I liked New Order as a teenager; 1989's Technique (on which "Run" makes its home) was the last album of theirs to hold my interest. Now that song was in heavy mental rotation, as it never had been before, outlasting all the theoretically more exciting youngbloods. I want to find out why.
In 2006, things were going downhill at the office and everyone knew it. People were jumping ship at alarming rates; more alarming was the number forced to jump. "Run" isn't quite an office song—not the way Fountains of Wayne's "Hey Julie" ("I've got a desk full of paper that means nothing at all") or the Modern Lovers' "Government Center" ("a lotta lotta lotta nice desks and chairs, uh huh!") are explicitly about the joys and terrors of the workaday word.
But "Run" was my theme song, and I didn't even know what it meant. It has the virtue of being intimate yet ambiguous, and the music is a thrilling mix of guitars and machines. Even the title is up for grabs: a directive to flee, or simply to hit the treadmill? The lyrics are among the most potent in the New Order canon, admittedly a songbook in which much sounds tossed off (a trait I admire).
Maybe it takes fifteen years of not hearing the song—of being swept along by the airtight weave, or not thinking about it at all—but "Run," I'm realizing, is a horror story of sorts, an incident of amnesia in the corridors of power: "I don't know what day it is or who I'm talking to." It's not far from there to the land of This is not my beautiful house/This is not my beautiful wife. "I can't recall the day that I last spoke to you." A guitar figure just this side of sour tears through it all again and again. There is tremendous violence—and freedom—in this line: "You work your way to the top of the world/Then you break your life in two."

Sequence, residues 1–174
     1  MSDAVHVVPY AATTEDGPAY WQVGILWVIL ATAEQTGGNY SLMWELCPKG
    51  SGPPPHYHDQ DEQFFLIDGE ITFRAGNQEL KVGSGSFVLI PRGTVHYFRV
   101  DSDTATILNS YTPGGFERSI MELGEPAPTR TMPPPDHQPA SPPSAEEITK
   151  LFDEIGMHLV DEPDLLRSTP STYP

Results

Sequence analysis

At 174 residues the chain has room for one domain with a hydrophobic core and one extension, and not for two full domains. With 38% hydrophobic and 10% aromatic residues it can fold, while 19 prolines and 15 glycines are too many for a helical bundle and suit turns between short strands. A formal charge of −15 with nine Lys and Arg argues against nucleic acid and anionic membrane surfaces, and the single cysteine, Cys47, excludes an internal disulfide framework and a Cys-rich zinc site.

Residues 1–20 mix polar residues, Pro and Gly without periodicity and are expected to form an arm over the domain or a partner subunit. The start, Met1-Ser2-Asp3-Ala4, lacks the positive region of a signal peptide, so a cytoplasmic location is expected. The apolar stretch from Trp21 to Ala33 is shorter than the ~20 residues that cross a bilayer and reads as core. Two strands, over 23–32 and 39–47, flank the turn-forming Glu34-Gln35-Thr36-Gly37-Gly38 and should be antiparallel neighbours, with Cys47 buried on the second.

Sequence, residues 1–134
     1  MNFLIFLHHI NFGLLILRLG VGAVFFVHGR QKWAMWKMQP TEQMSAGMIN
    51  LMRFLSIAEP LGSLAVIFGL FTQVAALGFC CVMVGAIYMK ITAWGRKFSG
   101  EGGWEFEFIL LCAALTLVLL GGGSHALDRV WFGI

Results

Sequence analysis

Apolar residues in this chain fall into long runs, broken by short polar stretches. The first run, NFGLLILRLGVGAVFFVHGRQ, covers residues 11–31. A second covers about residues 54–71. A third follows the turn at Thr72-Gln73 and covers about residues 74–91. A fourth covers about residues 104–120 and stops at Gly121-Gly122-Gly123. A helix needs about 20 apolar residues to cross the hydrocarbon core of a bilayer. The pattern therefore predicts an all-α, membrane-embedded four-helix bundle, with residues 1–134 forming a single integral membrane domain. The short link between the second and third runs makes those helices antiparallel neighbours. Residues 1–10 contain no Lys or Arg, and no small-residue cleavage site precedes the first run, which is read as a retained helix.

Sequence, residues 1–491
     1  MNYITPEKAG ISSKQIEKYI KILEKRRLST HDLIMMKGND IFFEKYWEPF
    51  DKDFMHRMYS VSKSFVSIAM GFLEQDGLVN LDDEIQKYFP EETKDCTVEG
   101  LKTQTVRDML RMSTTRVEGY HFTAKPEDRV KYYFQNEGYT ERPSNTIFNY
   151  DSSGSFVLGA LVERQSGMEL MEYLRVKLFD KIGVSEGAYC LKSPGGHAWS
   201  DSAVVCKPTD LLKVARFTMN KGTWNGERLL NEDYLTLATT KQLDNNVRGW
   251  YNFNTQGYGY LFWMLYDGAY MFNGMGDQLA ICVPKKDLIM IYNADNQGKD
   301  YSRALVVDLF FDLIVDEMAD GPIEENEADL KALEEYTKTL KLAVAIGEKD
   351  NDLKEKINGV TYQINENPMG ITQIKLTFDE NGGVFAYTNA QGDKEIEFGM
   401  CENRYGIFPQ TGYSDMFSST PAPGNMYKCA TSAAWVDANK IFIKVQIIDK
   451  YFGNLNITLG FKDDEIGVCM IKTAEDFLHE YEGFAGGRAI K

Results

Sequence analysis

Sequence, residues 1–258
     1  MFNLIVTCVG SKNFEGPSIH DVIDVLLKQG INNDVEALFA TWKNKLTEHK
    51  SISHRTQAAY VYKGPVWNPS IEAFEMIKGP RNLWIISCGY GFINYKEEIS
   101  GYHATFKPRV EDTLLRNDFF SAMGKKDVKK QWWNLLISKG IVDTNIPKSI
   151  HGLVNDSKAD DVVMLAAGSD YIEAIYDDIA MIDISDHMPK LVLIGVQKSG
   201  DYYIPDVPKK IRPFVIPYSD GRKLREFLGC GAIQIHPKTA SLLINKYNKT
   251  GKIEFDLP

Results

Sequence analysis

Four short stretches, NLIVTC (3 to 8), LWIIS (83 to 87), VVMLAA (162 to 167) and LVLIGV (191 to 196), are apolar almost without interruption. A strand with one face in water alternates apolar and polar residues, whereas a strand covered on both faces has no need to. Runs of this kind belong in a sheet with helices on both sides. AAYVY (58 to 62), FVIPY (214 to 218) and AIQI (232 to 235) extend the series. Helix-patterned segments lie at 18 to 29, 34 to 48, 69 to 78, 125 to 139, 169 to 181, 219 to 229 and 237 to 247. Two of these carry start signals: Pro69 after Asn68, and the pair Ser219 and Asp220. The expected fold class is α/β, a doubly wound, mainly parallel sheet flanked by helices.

The epigraph to Personal Days comes from "Run"; that last couplet seemed appropriate for a book in which the brutality of downsizing was dramatized in the broken structure itself—the voice changing, dramatically, twice.
The penultimate verse seems to hold a measure of hope—"I haven't got a single problem now that I'm with you"—but do we believe the speaker? (The last line, tellingly, is "What do you want me to believe?")
I'm getting the sinking feeling that the singer is talking to a ghost—or the singer is a ghost, just like in New Order's story-song "Love Vigilantes."
Without giving too much of Personal Days away, I'll just say that the idea of the ghost in the machine is significant, if not central to the novel. Quick sample from the book: "Our machines know more than we do, Pru thinks. Even their deficiencies and failures are instructive...."
New thought about the title: Is "Run" a command for a computer—or from one? And what is the program?
—from Book Notes at Largehearted Boy, July 2, 2008
Video directed by Robert Frank: